Health Care Premiums Soar Under Obamacare

Member Group : Commonwealth Foundation

For Immediate Release
Commonwealth Foundation
Contact: Cindy Hamill
(856) 607-4208

Premiums Up by as Much as 314% Under Obamacare
One Local, Small Business is Example of Many Hit Hard

November 17, 2014, Harrisburg, Pa – The owners of Rosati Plumbing in Delaware County have provided health coverage for employees since 1952. Faced with new regulations under the Affordable Care Act, Regina Weinhardt was looking at an 80 percent increase in her employees’ premiums if she stayed with the current carrier.

"Our small business premium would have almost doubled," explained Weinhardt, "My father started his business and prided himself on offering healthcare. Now I feel like we are being punished for doing the right thing."

Forced to search for anther plan, Weinhardt was able to find a "deal" that will allow her to continue to pay her employees’ premiums with a 23% increase. More than 20 employees of Rosati plumbing have their own burdens as they face soaring deductibles. This year, their basic plan’s deductible doubled from $1,500 to $5,000 for an individual and $3,000 to $10,000 for a family.

Weinhardt struggles to make sense of it, "Most of my guys are young and single, they don’t need maternity care or pediatric dental care—they’ll never use it. The young adults on family plans are costing more than young children. Young adults never go to the doctor but children go to the doctor, why do they cost less?"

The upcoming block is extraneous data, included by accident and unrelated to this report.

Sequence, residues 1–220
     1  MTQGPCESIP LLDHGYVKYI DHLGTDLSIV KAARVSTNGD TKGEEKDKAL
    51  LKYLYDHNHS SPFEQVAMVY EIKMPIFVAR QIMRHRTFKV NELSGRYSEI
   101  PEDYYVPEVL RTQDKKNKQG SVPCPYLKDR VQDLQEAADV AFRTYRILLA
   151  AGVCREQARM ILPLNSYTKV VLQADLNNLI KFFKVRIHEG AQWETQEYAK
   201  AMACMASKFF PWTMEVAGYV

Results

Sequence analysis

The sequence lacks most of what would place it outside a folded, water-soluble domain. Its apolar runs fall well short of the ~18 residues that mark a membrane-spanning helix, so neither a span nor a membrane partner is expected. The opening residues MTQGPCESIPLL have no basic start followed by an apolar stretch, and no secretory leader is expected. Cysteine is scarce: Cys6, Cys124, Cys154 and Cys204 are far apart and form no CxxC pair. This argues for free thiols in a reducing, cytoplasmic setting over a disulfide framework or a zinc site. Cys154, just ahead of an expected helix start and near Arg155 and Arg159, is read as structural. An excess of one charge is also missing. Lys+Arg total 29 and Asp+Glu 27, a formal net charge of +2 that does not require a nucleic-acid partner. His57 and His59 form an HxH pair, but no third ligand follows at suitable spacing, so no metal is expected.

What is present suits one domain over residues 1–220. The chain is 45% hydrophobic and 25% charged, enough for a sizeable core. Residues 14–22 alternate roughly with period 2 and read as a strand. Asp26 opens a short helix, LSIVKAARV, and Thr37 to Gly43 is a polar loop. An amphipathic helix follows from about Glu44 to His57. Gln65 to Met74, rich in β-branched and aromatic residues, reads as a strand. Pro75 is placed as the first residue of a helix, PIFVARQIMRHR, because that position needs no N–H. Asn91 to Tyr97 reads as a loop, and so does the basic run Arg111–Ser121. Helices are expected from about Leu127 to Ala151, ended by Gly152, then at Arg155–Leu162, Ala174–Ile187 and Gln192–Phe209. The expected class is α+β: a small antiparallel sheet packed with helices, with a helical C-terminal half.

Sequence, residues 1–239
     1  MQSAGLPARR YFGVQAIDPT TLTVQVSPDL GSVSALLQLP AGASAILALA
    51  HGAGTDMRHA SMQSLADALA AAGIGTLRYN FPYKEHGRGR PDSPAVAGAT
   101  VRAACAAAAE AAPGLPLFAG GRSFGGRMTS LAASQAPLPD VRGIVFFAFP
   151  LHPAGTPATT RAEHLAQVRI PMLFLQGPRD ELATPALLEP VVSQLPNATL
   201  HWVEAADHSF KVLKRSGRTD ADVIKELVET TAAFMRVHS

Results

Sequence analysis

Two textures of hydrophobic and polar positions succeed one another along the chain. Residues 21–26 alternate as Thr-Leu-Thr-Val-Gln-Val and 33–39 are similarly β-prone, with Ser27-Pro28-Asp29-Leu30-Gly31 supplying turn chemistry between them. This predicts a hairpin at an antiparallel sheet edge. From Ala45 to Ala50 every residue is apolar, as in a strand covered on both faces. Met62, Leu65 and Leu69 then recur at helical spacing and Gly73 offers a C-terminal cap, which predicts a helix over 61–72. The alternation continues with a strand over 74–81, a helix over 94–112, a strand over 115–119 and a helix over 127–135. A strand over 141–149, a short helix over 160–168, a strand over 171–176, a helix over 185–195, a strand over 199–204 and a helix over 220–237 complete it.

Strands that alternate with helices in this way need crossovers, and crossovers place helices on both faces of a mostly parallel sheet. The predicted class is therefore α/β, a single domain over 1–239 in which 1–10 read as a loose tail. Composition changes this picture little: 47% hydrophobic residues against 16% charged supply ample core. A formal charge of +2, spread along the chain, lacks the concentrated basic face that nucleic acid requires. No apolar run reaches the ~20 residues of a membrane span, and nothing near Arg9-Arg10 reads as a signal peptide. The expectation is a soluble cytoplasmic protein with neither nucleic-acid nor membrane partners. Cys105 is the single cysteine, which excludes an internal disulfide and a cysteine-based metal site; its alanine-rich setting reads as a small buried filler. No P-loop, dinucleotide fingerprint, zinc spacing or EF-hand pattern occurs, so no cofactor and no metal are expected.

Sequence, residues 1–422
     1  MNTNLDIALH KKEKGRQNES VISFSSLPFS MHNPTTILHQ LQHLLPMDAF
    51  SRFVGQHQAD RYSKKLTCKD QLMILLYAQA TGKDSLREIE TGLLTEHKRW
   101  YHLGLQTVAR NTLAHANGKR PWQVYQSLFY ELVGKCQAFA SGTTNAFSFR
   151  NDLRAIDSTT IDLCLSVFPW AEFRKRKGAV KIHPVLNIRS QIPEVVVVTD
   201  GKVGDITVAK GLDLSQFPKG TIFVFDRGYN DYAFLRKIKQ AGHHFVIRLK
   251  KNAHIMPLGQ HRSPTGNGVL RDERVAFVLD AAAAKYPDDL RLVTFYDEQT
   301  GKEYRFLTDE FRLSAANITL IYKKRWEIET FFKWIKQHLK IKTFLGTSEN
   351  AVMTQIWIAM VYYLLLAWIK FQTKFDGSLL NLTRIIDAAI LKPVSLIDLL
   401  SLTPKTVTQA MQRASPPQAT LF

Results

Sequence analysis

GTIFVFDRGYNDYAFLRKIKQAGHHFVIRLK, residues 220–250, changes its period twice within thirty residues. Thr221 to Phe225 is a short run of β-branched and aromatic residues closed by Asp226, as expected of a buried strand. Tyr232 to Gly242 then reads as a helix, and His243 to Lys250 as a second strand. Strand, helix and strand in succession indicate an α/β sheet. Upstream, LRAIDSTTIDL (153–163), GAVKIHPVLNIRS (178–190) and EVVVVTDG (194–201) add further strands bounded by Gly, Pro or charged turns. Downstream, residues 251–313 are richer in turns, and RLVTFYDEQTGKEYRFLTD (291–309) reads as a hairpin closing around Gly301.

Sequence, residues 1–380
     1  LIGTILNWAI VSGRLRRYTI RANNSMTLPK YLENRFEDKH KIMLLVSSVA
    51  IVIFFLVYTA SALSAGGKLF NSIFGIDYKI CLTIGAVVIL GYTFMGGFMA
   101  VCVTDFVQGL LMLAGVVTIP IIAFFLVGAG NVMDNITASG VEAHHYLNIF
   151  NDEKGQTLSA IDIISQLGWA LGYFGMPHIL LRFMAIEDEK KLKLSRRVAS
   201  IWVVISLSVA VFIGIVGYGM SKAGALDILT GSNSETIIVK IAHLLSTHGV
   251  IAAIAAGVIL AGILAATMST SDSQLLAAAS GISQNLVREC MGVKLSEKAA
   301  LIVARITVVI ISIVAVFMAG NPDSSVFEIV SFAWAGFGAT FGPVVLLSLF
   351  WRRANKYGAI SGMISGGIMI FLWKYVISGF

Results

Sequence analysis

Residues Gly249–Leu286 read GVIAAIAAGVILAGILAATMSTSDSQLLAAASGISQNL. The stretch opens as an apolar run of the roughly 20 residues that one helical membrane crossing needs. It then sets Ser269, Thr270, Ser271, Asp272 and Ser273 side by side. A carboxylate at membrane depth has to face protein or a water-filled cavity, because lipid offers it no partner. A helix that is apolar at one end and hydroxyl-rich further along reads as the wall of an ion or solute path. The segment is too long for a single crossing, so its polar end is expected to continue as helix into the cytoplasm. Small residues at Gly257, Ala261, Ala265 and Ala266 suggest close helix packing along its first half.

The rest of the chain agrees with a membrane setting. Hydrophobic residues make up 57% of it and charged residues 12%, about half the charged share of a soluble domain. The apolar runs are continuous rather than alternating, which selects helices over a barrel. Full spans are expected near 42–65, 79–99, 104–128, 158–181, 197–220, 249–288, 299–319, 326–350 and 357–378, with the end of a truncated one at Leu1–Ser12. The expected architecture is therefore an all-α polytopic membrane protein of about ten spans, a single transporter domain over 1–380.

"We are two years into full implementation of the "Affordable Care Act," it’s clear that health insurance is anything but more affordable," states Elizabeth Stelle, Director of Policy Analysis at the Commonwealth Foundation. "We compared the cheapest insurance plans in 2013 – the year before the exchange – to 2015 exchange rates in Philadelphia and Pittsburgh. Overall, rates continue to rise."

Monthly Premiums in Philadelphia
Plan Type 2013 2014 2015 Increase since 2013 Percent
27 year old male $49 $171 $203 $154 314%
50 year old male $111 $332 $306 $195 176%
Family of 3 (single mom) $154 $391 $412 $258 168%
Family of 4 $182 $576 $606 $424 232%

Monthly Premiums in Pittsburgh
Plan Type 2013 2014 2015 Increase since 2013 Percent
27 year old male $45 $104 $131 $86 191%
50 year old male $111 $203 $212 $101 91%
Family of 3 (single mom) $154 $238 $286 $131 85%
Family of 4 $182 350 $420 $238 131%

• Since 2013, premiums have increased 314 percent for 27-year old males and 217 percent for 27-year old females in Philadelphia.

• Since 2013, premiums have increased 191 percent for 27-year old males and 105 percent for 27-year old females in Pittsburgh.

Notes to Tables: 2013 rates come from the least-expensive plan available on Rates are for individuals who do not smoke and do not have pre-existing conditions. In most cases, catastrophic plans are no longer available for individuals over 30. For older adults and families we, compared 2013 catastrophic plans to the cheapest bronze plan. The comparison does not take into account the tax credits available to individuals and families making between 100% and 400% of the federal poverty level. This comparison does not take into account out-of-pocket costs, including co-pays and deductibles.

Stelle added, "Getting rid of mandates like pediatric dental or maternity care for all is one way to drive down costs."

Learn more about real healthcare reform solutions and hear more stories like Regina’s here.

Elizabeth Stelle and Regina Weinhardt are available for comment on the effects of Obamacare in Pennsylvania.

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For more information, please contact Cindy Hamill, Director of Strategic Communications at
(856)607-4208 or [email protected].

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